4.2 Housing Advertisements If you study the small-ads in local newspapers, you will often find them hard to follow: e.g. 4 ZKB , ZH, teilmbl., 650 + NK, 2MM Kaut., Chiffre XYZ, which is roughly translated as: four-room apartment with kitchen and bathroom to let, central heating, partly furnished, monthly rent EUR 650 plus utility charges, deposit: 2 months rent, offers to Box No. XYZ. For assistance in understanding the small-ads, please ask your colleagues at your host institute; they might be used to the abbreviations because of personal experience. Utility charges are costs payable monthly to the lessor in addition to the basic rent (Kaltmiete) for heating, water, waste disposal, etc. The costs included in the utility charges are laid down individually in the lease. By the way, accommodation listed under Apartments consists of only one room.

If a Box No. is indicated, you have to write to the newspaper under the Box No. given. But most small-ads give a telephone number. You should call as early as possible (from 7.30 a.m. on, unless stated otherwise) and make a viewing appointment. Landlords sometimes collect offers, then make joint appointments with applicants.

4.3 Your own small-ad If you wish to look for housing by placing a small-ad in the newspaper, you must indicate clearly that you are a young research scholar holding a doctorate and sponsored by the Humboldt Foundation in Germany. This will certainly increase your chances because, to some Germans, background, status, and title are still very important. 4.4 Real estate agents The words Immobilien or RDM (Ring Deutscher Makler) in an advertisement signify that it has been placed by a real estate agent. This means you must pay a fee on conclusion of the lease. If you wish to avoid this, keep to the private small-ads. But real estate agents often have the most attractive accommodation, one of the reasons for this being that landlords have no time to look for tenants or do not want to be bothered with organizational problems.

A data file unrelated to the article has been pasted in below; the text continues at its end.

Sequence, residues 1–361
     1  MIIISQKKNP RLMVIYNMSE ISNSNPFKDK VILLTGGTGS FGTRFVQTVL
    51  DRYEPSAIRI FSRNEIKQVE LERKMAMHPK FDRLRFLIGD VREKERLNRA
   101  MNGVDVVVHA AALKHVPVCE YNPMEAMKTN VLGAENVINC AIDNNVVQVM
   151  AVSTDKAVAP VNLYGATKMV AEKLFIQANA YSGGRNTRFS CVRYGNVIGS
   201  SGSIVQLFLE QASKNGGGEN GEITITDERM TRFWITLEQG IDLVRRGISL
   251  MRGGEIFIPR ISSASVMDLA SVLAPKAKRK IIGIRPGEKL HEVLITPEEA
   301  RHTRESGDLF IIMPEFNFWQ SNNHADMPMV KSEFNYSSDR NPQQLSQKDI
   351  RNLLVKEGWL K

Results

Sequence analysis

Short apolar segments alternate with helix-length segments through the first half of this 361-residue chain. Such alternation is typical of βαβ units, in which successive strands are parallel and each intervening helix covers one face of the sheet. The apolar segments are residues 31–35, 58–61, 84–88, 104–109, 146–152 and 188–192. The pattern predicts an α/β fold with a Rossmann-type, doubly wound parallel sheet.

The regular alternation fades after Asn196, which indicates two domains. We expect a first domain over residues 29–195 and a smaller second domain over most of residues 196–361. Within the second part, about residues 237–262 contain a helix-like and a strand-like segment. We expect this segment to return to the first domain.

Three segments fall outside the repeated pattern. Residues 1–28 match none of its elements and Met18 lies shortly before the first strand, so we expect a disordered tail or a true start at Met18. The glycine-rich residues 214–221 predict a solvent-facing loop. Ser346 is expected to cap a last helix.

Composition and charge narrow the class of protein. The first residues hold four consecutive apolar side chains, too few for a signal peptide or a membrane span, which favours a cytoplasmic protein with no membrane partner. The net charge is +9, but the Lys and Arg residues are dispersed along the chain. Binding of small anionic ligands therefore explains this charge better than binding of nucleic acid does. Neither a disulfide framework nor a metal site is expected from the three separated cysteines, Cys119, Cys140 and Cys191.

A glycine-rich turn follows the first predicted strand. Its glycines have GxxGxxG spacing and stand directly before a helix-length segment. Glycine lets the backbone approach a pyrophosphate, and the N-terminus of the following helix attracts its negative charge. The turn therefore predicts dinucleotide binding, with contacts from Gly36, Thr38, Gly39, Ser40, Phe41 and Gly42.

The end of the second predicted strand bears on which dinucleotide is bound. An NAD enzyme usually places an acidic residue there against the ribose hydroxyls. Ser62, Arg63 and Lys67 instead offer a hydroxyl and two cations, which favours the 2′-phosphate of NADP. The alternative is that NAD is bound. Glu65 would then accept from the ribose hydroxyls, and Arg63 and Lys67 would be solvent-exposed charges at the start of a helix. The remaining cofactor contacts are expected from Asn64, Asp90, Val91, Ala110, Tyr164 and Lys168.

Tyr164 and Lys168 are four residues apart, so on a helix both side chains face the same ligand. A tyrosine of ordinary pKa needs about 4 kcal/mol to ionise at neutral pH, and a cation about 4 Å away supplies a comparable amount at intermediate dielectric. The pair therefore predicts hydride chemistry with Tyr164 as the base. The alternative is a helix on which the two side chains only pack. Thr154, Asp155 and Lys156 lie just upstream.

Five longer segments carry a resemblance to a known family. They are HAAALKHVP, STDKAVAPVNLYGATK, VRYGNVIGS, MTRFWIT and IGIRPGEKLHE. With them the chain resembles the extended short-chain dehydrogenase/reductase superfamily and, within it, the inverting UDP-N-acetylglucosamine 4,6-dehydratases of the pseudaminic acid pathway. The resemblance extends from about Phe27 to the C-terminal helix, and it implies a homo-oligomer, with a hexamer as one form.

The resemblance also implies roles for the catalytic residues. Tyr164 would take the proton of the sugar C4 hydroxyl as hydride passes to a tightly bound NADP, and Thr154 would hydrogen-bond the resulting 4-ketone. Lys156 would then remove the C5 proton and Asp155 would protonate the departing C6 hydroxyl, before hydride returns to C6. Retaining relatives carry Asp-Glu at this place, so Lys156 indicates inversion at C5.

Using a real estate agent is a relatively sure way of finding accommodation, but is also the most expensive. The agents fee is a maximum of two months basic rent excluding utility charges. (Do not accept a higher fee!) Never pay a fee before the lease has been signed not even a handling fee (Bearbeitungsgebhr). Do not sign anything before the conditions have been properly negotiated and you are sure that you have understood them. 4.5 Deposits Landlords will often ask for a deposit equivalent to between one and three months rent (basic rent) plus 16% VAT. This is to cover any damage the tenant may cause to property. The deposit will be repaid, together with interest, after deduction of any amount needed for repair or renovation on termination of the lease. Specific provisions on this should be contained in the lease (cf. below). The deposit should not be paid to the landlord directly but into a joint savings book. In this way, you can prevent the landlord from keeping the money without your agreement and you will earn the interest. Your bank will give you detailed information. 4.6 Lease An apartment is held to be rented by you as soon as both you and the landlord have signed the lease. Your signature legally binds you to the terms of lease. Before signing, it is therefore essential to read the document through very carefully, even though it is usually rather long and difficult to read. In particular, the lease covers the amount of rent and utility costs payable, the period of notice to be given for terminating the lease, payment for any necessary repairs, responsibility for redecoration costs when moving out (cf. also Chapter 4.6), the length of the lease and the terms for rent increase. Furthermore, the lease may contain additional agreements (e.g. use of the garden, car parking facilities etc.). Check with the landlord before moving in whether you are allowed to keep domestic animals. The lease also contains general rules for residents which, among other things, stipulate that before 7 a.m., between 1 and 3 p.m. and after 10 p.m. all unnecessary noise must be avoided. They also stipulate how often jointly-used facilities (staircase, entrance area, basement) have to be cleaned by you. If you do not understand parts of the lease or if you feel that unusual conditions are being imposed, you must ask your German colleagues for assistance and advice. It may be worthwhile joining the local Tenants Association (cf. telephone directory under Mieterverein ) in order to get immediate advice and professional support. Here you will also find information brochures on tenancy agreements. Otherwise, you can turn to the German Tenants Federation (Deutscher Mieterbund, DMB) to which local associations are affiliated. The address is Aachener Strasse 313, 50931 Kln, Tel. 0221/94077-0, Fax: 0221/94077-22, E-mail: info@mieterbund.de, Internet: www.mieterbund.de. Usually, after being a member of a tenants association for a few weeks, you are covered by a legal expenses insurance policy against future problems pertaining to rental matters. Please bear in mind that, no matter whether you live in a university guest-house or a privatelyrented apartment, an extension of your research fellowship may collide with leasing arrangements previously made. You should therefore inform the landlord in good time if you are considering an extension.